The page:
Weil am Rhein, Germany
Weil am Rhein, a pretty town in the countryside on the border of Germany and Switzerland, is known worldwide not only for the furniture company located there, but also for the location of a unique collection of architectural creations by Frank Gehry, Zaha Hadid, Nicholas Grimshaw, Tadao Ando, Renzo Piano , Alvar Siza, SANAA Bureau, Buckminster Fuller, Jean Prouvé. However, in addition to the collection of buildings from iconic architects, the president of Vitra, Rolf Felbaum, a man with inexhaustible energy, since 1977, has been collecting all the key objects of world design, created from 1800 to the present. And this is more than twenty thousand pieces of furniture, lamps and archival unicates signed by Charles and Ray Eames, Werner Panton, Alexander Girard, Jasper Morrison, Alvar Aalto, Hella Jongerius, Tom Dixon, Gerrit Rietveld, Ludwig Mies van der Rohe, Lelyn Gray Corbusier, the Campana brothers, Gaetano Pesce, Ettore Sottsass, Philippe Starck, Martin Bass.
Vitra Campus houses a museum building. It was built in 1989 by Frank Gehry. But the interior spaces of the Constructivist building, the first construction by a Californian architect in Europe, are used for large exhibition projects, while the outstanding collection of furniture was outside the public field and almost never exhibited. Last summer, the area problem was resolved. Architectural bureau Herzog & amp; de Meuron built a new building called Schaudepot. A monolithic volume with a triangular pediment and a facade without windows, made of hand-molded bricks, organically fit into the composition of the architectural ensemble and entered into a dialogue with neighboring buildings: the fire station of Zaha Hadid and the factory of Alvar Siza. Almost the entire famous collection is exhibited inside, but there is also a place for temporary exhibitions.
Museum of Architectural Drawing
Everything that an architect creates on paper is often intermediate in nature. The architect's creative thought is realized in the creation of design sketches, representing an intrinsic genre – architectural graphics. In a sense, collecting watercolors and washes is an aesthetic activity, especially when the culture of 3D visualization has practically abolished paper media. Collections of architectural graphics are available in the Academy of Arts and in the Hermitage in St. Petersburg, the Shchusev State Museum of Architecture in Moscow, the Technical University of Berlin, the Museum of Architecture in Munich, the Metropolitan Museum in New York – there was no separate museum anywhere in the world.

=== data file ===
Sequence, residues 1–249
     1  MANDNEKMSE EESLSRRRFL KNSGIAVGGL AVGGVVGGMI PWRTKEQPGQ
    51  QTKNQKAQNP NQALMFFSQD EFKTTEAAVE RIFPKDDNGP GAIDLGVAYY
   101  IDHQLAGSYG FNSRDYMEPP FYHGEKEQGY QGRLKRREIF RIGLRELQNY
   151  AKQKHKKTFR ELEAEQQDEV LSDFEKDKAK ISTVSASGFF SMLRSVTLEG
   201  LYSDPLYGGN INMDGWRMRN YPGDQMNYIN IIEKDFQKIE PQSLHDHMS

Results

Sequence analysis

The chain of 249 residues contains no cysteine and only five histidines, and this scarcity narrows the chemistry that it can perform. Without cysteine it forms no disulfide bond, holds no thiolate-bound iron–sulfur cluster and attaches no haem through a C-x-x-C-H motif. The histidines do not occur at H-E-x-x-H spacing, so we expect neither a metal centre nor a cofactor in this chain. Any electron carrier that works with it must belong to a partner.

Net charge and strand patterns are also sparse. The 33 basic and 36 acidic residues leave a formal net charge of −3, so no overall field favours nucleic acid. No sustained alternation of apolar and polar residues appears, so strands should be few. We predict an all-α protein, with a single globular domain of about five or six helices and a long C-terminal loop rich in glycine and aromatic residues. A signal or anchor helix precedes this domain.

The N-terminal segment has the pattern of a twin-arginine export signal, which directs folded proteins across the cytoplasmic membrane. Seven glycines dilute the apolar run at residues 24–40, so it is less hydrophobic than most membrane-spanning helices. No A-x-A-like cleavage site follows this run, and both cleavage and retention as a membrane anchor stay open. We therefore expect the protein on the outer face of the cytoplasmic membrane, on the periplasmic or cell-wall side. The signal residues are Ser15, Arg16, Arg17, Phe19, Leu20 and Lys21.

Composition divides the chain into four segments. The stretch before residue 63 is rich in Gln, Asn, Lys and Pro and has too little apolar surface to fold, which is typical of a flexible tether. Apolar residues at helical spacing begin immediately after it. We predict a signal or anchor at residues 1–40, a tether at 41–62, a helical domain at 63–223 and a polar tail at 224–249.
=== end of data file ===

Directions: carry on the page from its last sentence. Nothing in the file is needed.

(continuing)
In 2013, the Museum of Architectural Drawing opened in East Berlin, in the Prenzlauer Berg district. The building was designed by the bureau “SPEECH Choban & amp; Kuznetsov “… The compact volume is adjacent to the firewall of the adjacent 4-storey residential building. The building is formed by five, in accordance with the number of floors, offset from each other, clearly defined blocks. Concrete walls alternate with panoramic glazing. On the first floor there is a library, on the upper floor there are exhibition halls and an archive – a unique collection of drawings and watercolors by Western European architects and draftsmen of the 18th – first half of the 19th centuries, which has been collected by the architect Sergei Tchoban for many years. The museum regularly hosts exhibitions of hand-drawn graphics by prominent architects of the past and present.
Danish Design Museum
From the earliest days of its existence, the main goal of the museum has been to emphasize quality in design, an idea that comes from the natural Danish solidity, love of minimalism, simplicity and function.
Founded in 1890 by the Confederation of Danish Industry and the Ny Carlsberg Museumslegat and opened five years later to the public, the Design Museum was conceived as a source of inspiration for local manufacturers and artisans. The idea won over with its simplicity: access to the best design samples was supposed to motivate the Danes to improve their skills and raise the level of development of the industry. And the goal was achieved. A little time passed, and Danish design greatly shaken the position of world leaders.
The museum building is located in the heart of Copenhagen, a few steps from the New harbor in a 1757 Rococo style building, formerly the hospital of King Frederick V.